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Author Archives: Ted Carter

Appellate law guru Luther Munford departs Phelps Dunbar for Butler Snow

Luther Munford, a veteran Jackson attorney who wrote the book on Mississippi appellate law, has joined Butler Snow as a member of the Ridgeland-based firm’s Appellate and Written Advocacy Practice Group.   Munford, previously of Phelps Dunbar, will “certainly strengthen our appellate team,” said Donald Clark Jr., Butler Snow chairman. Munford is a 1976 graduate of the University of Virginia ...

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Keeping the Faith: Miss. reclaims title of most religious state

For the second consecutive year, Mississippi has edged out Utah and Alabama as the nation’s most religious state, a Gallop Poll released Wednesday found. Gallop reported that 58 percent of Mississippians polled termed themselves “religious” and attended worship services every week or nearly every week. Fifty-six percent of respondents in Utah and Alabama described themselves as religious and regular attendees ...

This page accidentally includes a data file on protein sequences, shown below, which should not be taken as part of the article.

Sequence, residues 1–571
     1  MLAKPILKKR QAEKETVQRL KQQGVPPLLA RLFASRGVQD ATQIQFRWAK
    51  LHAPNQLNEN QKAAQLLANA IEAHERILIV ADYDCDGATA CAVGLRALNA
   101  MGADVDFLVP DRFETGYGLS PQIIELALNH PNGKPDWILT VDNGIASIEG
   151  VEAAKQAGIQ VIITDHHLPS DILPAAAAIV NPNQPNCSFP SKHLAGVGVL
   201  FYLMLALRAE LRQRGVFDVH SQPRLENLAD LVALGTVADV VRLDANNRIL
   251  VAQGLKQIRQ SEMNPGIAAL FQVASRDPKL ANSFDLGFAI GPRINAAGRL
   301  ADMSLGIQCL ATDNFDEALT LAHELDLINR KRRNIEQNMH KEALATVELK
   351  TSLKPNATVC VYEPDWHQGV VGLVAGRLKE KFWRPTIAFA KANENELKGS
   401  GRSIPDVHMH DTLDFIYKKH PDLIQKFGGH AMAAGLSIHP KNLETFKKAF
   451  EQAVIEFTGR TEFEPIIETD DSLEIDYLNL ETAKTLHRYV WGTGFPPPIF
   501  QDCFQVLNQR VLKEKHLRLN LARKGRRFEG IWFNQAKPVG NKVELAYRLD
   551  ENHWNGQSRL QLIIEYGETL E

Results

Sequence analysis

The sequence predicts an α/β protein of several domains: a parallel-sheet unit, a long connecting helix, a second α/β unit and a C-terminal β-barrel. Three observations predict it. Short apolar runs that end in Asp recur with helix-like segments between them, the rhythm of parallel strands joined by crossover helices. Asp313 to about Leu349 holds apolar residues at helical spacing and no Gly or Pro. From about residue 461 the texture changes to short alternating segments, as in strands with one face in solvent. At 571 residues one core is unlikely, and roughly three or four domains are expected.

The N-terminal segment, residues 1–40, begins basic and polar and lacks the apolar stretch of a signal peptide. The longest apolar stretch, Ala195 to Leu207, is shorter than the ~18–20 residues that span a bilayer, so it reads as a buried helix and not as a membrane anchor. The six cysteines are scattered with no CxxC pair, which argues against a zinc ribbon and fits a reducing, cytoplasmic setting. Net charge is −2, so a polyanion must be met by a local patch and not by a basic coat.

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Clinton mayor wants competition – not politics — to decide DOR issue

Clinton Mayor Rosemary Aultman very much wants the Mississippi Department of Revenue to move its headquarters to the former WorldCom headquarters, now South Point Business Park. What Aultman says she doesn’t want, however, is for legislative politics to decide the outcome. If the DOR moves to Clinton’s South Pointe, she wants her town to win the competition on its merits ...

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Education at top of Madison Co. economic growth strategy

The City of Madison’s objections to Jackson State University’s plan to open a satellite campus in the city comes just as Madison County has wrapped up work on a strategic plan that puts cultivating an educated workforce atop the county’s priorities. In a counter to Madison’s position, the county’s Board of Supervisors last Monday night unanimously passed a resolution supporting ...

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Carter: Miss. played as chump as Amazon takes tax-free ride

Amazon.com is clearly in a bind as states grow more eager to tax the online sales of the world’s largest cyber retailer. That makes it difficult to understand why Mississippi doesn’t stop digging through the couch cushions for loose change when it instead could get in line for a well deserved payday. If nothing else, Mississippi could leverage some jobs ...

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